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And {{ic|virtualenv2}} for Python 2, available in {{pkg|python2-virtualenv}}.
* Activate the virtualenv:
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  $ virtualenv2 venv
  $ source ~/.virtualenvs/my_env/bin/activate
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* Install some package inside the virtualenv (say, Django):
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===Activation===
  (my_env)$ pip install django
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Use one of the provided shell scripts to activate and deactivate the environment. This example assumes bash is used.
* Do your things
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  $ source venv/bin/activate
* Leave the virtualenv:
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(venv) $ which python
  (my_env)$ deactivate
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(venv) $ deactivate  # this is a shell function provided by bin/activate
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$ which python
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 +
===Normal Activities===
 +
Once inside the virtual environment, modules can be installed and scripts can be run as normal:
 +
  (venv) $ python -c 'import requests; print("'''this will not display because requests is not installed'''")'
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(venv) $ pip install requests
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(venv) $ python -c 'import requests; print("'''requests is now installed in the virtual environment'''")'
 +
 
 +
==Python Versions==
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The binary versions depend on which virtual environment tool was used. For instance, the {{ic|python}} command used in the Python 2 example points to {{ic|bin/python2.7}}, while the one in the {{ic|pyvenv}} example points to {{ic|bin/python3.5}}.
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 +
One major difference between {{ic|pyvenv}} and {{ic|virtualenv}} is that the former uses the system's Python binary by default:
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  $ ls -l pyvenv/bin/python3.5
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lrwxrwxrwx 1 foo foo 7 Jun  3 19:57 pyvenv/bin/python3.5 -> /usr/bin/python3
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The {{ic|virtualenv}} tool uses a separate Python binary in the environment directory:
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$ ls -l venv3/bin/python3.5
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lrwxrwxrwx 1 foo foo 7 Jun  3 19:58 venv3/bin/python3.5 -> python3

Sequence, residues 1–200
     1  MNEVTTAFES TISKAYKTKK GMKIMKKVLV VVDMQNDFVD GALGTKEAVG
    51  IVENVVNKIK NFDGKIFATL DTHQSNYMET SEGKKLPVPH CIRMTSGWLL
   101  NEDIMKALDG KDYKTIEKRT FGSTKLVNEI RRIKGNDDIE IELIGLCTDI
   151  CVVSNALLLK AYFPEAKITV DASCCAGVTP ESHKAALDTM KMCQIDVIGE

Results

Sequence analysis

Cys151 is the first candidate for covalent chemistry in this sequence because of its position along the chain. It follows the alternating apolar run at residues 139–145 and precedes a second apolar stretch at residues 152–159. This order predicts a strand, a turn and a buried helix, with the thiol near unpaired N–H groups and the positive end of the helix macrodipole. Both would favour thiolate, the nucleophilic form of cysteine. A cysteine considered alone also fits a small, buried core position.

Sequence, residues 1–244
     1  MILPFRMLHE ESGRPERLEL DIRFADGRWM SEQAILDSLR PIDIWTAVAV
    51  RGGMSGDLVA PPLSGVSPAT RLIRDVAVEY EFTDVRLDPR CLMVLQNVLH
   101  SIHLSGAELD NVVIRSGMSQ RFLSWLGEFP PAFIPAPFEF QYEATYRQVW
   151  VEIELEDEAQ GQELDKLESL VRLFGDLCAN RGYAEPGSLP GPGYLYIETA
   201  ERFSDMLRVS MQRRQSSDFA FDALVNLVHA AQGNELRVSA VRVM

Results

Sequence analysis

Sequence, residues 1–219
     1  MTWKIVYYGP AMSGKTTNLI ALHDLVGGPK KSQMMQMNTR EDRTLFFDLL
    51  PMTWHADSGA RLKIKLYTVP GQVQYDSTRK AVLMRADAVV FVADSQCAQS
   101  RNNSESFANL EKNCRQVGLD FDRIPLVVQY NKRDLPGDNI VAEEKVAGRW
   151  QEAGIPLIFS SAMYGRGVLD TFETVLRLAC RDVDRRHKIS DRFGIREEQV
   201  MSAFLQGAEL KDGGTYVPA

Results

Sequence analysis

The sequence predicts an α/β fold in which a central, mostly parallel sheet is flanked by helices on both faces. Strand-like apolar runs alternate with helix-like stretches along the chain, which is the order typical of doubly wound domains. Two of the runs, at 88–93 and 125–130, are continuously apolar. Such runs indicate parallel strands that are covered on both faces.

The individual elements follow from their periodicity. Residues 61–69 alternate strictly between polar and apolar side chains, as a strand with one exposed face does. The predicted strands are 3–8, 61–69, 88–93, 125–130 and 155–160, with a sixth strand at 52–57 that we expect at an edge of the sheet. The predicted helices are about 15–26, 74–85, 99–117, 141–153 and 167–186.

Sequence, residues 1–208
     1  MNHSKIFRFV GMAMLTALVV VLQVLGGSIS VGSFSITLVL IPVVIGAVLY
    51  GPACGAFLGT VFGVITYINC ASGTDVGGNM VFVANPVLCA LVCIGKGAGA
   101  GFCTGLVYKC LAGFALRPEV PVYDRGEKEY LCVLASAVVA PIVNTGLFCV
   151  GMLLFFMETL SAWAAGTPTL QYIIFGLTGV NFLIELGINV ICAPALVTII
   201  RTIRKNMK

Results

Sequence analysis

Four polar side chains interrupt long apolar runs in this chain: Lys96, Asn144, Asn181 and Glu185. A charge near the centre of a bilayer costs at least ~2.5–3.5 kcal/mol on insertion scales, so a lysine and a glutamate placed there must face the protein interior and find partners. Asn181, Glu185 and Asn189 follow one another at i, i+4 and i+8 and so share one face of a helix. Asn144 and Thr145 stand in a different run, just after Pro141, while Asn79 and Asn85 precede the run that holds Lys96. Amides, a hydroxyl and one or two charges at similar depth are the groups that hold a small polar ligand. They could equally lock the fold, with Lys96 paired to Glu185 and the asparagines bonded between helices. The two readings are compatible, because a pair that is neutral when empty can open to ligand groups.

== Virtualenvwrapper ==
 
== Virtualenvwrapper ==
  
''virtualenvwrapper'' allows more natural command line interaction with your virtualenvs by exposing several useful commands to create, activate and remove virtualenvs. Like ''virtualenv'', this package does not currently support Python 3.x.
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''virtualenvwrapper'' allows more natural command line interaction with your virtualenvs by exposing several useful commands to create, activate and remove virtualenvs. This package is a wrapper for both {{Pkg|python-virtualenv}} and {{Pkg|python2-virtualenv}}.
  
 
===Installation===
 
===Installation===
[[pacman|Install]] the {{Pkg|python-virtualenvwrapper}} package from the [[Official Repositories|official repositories]]. If you have not installed {{Pkg|python-virtualenv}} yet, {{Pkg|python-virtualenvwrapper}} will be installed now as a dependency.
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[[Install]] the {{Pkg|python-virtualenvwrapper}} package from the [[official repositories]].
  
 
Now add the following lines to your {{ic|~/.bashrc}}:
 
Now add the following lines to your {{ic|~/.bashrc}}:
  export WORKON_HOME=~/.virtualenvs
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  source /usr/bin/virtualenvwrapper.sh
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  $ export WORKON_HOME=~/.virtualenvs
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  $ source /usr/bin/virtualenvwrapper.sh
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 +
If you are not using python3 by default (check the output of {{ic|$ python --version}}) you also need to add the following line to your {{ic|~/.bashrc}} prior sourcing the {{ic|virtualenvwrapper.sh}} script. The current version of the {{ic|virtualenvwrapper-python}} package only works with python3. It can create python2 virtualenvs fine though.
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VIRTUALENVWRAPPER_PYTHON=/usr/bin/python3
  
 
Re-open your console and create the {{ic|WORKON_HOME}} folder:
 
Re-open your console and create the {{ic|WORKON_HOME}} folder:
Line 52: Line 81:
  
 
* Create the virtualenv:
 
* Create the virtualenv:
  $ mkvirtualenv -p python2.7 my_env
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  $ mkvirtualenv -p /usr/bin/python2.7 my_env
 
* Activate the virtualenv:
 
* Activate the virtualenv:
 
  $ workon my_env
 
  $ workon my_env
 
* Install some package inside the virtualenv (say, Django):